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Airtel funds project to boost farming in Uganda

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Accra (Ghana): Indian telecommunication giant Airtel is spending $672,000 to support a project to provide timely weather reports to small-scale farmers in Uganda to boost their farming activities, it was announced on Sunday.

Airtel was backing the project undertaken by the Trans Africa Hydro Meteorological Observatory (TAHMO).

“Based on similar activities, in terms of information dissemination, in Malawi and Madagascar,” TAHMO’s co-director Nick van de Giesen told IANS that Airtel was contributing this time to provide important weather information to farmers in Uganda.

The project is also backed by research that shows that African weather was poorly monitored, especially for forecast purposes. TAHMO also has found out that most African societies were vulnerable to extreme weather events.

The organisation, therefore, is helping to make good predictions about rainfall as well as provide information on how much water vapour the atmosphere contains, van de Giesen said.

Admitting that changing weather patterns have been the bane of farming across the African continent, he said TAHMO was helping to “produce early warnings for heavy weather”.

He said:normal weather predictions will improve with better observations and this helps to plan short term farming operations such as planting and fertilising, in addition, detailed weather data allow for weather-index-based micro crop insurance, in which payments depend on nearby measurements.”

Since most of the farmers are illiterates, he said, “the phone messages are actually spoken messages in the relevant local language. So, as long as the farmers or fishermen know how to use a mobile phone, they can receive the messages by simply listening in.”

“We did a small trial pilot in local Luganda language during the preparation phase.”

Using the Global Navigation Satellite System, TAHMO was hoping to improve on rainfall predictions as well as measure the extra delay caused by moisture in the atmosphere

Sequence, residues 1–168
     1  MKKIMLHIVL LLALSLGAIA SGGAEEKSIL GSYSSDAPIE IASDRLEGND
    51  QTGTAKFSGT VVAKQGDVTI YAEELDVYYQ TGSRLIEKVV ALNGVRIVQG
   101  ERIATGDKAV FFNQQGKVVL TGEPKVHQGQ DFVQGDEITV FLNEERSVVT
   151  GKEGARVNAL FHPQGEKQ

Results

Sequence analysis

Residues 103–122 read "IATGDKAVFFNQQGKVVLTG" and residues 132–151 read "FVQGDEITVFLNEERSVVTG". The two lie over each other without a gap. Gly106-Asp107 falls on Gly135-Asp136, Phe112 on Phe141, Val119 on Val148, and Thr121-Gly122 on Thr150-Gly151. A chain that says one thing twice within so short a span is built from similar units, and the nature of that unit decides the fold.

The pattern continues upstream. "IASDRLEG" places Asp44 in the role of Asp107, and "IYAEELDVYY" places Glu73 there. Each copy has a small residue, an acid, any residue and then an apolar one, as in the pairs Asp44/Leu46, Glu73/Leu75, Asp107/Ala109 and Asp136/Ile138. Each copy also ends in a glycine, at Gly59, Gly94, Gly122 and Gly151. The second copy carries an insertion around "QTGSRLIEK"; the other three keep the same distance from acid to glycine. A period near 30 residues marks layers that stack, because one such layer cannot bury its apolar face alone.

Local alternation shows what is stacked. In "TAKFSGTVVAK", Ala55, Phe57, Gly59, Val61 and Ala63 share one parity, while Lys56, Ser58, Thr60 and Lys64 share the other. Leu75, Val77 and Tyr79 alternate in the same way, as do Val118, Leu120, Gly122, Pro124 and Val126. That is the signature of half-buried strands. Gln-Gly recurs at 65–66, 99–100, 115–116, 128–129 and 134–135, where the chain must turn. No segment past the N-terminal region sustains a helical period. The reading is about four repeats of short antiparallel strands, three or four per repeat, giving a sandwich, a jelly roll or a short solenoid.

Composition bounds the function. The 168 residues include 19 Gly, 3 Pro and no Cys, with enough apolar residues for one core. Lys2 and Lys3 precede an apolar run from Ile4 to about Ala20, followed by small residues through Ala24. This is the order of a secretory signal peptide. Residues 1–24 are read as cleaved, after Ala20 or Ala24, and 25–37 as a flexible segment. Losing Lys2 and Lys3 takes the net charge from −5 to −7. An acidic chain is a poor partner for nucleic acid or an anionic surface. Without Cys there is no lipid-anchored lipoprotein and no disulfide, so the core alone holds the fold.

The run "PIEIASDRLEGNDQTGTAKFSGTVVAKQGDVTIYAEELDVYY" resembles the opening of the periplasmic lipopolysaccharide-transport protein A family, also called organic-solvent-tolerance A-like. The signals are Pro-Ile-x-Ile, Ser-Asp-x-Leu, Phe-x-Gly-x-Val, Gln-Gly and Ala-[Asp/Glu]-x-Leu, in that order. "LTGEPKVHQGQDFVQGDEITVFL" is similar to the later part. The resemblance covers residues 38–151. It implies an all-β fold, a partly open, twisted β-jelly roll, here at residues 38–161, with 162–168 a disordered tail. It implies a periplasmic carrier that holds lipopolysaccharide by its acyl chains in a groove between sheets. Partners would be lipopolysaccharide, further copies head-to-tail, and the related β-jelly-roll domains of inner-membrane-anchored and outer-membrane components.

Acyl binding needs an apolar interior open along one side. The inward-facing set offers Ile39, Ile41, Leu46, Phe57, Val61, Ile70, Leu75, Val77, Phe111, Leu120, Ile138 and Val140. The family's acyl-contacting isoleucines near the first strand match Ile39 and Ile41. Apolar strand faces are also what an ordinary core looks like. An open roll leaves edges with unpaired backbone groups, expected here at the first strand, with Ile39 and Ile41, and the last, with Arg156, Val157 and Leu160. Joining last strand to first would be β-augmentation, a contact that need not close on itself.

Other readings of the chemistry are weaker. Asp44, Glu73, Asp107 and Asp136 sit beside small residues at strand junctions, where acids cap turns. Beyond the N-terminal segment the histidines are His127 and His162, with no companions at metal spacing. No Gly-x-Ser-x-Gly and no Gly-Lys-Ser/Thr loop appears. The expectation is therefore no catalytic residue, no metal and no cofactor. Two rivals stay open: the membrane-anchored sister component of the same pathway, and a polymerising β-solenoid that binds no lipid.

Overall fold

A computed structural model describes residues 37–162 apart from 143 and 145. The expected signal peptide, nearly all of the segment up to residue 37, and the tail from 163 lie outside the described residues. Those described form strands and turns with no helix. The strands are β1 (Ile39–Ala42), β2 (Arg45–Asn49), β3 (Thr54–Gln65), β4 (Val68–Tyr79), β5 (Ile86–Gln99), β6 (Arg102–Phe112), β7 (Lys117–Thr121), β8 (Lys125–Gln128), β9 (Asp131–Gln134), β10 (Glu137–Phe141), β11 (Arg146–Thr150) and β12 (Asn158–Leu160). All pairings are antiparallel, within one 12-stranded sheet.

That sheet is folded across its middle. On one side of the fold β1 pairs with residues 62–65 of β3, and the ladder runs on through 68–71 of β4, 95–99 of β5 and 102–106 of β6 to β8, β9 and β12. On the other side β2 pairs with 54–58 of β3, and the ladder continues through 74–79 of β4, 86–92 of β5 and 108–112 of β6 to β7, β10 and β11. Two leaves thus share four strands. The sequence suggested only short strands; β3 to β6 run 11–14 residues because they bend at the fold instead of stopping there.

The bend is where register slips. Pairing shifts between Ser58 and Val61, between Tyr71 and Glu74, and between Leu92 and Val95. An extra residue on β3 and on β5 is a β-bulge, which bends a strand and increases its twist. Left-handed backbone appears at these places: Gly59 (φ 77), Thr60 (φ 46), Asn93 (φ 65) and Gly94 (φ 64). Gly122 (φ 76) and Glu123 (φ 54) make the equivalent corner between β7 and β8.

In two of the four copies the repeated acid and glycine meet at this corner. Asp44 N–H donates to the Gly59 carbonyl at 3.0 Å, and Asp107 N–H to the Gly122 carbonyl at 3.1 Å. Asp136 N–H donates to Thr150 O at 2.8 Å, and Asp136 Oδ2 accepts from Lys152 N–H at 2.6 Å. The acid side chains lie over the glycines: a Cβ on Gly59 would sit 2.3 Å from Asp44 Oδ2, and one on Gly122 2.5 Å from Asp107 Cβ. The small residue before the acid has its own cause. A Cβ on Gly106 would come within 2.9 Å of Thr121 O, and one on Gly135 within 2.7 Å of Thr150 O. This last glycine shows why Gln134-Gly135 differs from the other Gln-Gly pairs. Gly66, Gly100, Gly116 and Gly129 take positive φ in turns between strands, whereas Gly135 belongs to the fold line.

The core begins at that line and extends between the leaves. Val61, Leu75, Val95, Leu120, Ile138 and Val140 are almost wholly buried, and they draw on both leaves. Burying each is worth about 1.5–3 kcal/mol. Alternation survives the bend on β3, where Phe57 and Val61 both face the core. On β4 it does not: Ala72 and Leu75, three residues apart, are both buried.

(Francis Kokutse, IANS)
( Photo Credit: www.gizbot.com) 

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Uganda Readies Itself To Fight Off Ebola From The DRC Border

A 2007 Ebola outbreak in Uganda, in the border town of Bundibugyo, infected 149 people

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Congo, Uganda, ebola
Health workers walk with a boy suspected of having been infected with the Ebola virus, at an Ebola treatment center in Beni, near Congo's border with Uganda. VOA

In Uganda, officials have stepped up measures to prevent an outbreak of the deadly Ebola virus. Ebola has infected 319 people in the neighboring Democratic Republic of Congo since August, killing 198. The border between the countries remains open, and health experts fear the virus will enter Uganda through the cross-border traffic.

The Lamia River marks the border between the Democratic Republic of Congo’s Ebola-infected North Kivu Province and Uganda.

Despite the deadly viral outbreak, Uganda’s Health Ministry says 20,000 people cross the border every week, putting the country at high risk.

Ebola, WHO, UNICEF, congo, Uganda
Congolese health workers register people and take their temperatures before they are vaccinated against Ebola in the village of Mangina in North Kivu province of the Democratic Republic of Congo. VOA

Ugandan Jane Biira goes to the DRC side at least twice a week to buy food and charcoal to sell back home.

“We have heard the disease is there but, we have to go out and trade. We are only a little scared, because we have never seen anyone fall ill with Ebola where we go. We buy the merchandise and leave.”

When Biira and others cross into Uganda they get checked at screening points by health care workers and volunteers, like Boaz Balimaka.

“We have the hand-washing, then disinfecting the feet, and screening, then we allow somebody to pass.”

Ebola, WHO, UNICEF, congo, Uganda
A Congolese health worker checks the temperature of a man before the launch of vaccination campaign against the deadly Ebola virus near Mangina village, near the town of Beni in North Kivu province of the Democratic Republic of Congo. VOA

While no Ebola cases have yet been detected in Uganda, it can take up to three weeks for symptoms to appear.

The virus causes a severe hemorrhagic fever that kills at least half the people who become infected.

Even with border screenings, Butogo Town Council head John Kandole says they worry someone with Ebola could slip through.

“Somebody who comes from Congo, we don’t shake with him with hands. Once he comes to buy anything, he buy and go. And the money sometimes we have been fearing to get.”

Ebola, WHO, UNICEF, congo, Uganda
A World Health Organization (WHO) worker administers a vaccination during the launch of a campaign aimed at beating an outbreak of Ebola in Mbandaka, Democratic Republic of Congo, May 21, 2018. VOA

Uganda’s Health Ministry is stepping up preventive measures by deploying an experimental Ebola vaccine for health care and front-line workers along the border.

Jane Ruth Aceng, Uganda’s health minister, says vaccines are also on standy-by.

Also Read: Ebola Not a Global Health Emergency: WHO

“Currently, in Uganda we have 2,100 doses of the vaccine available at the National Medical Stores, and preparations are in high gear, including training of the health workers that are to be targeted.”

A 2007 Ebola outbreak in Uganda, in the border town of Bundibugyo, infected 149 people, killed 37, and took several weeks to be contained. (VOA)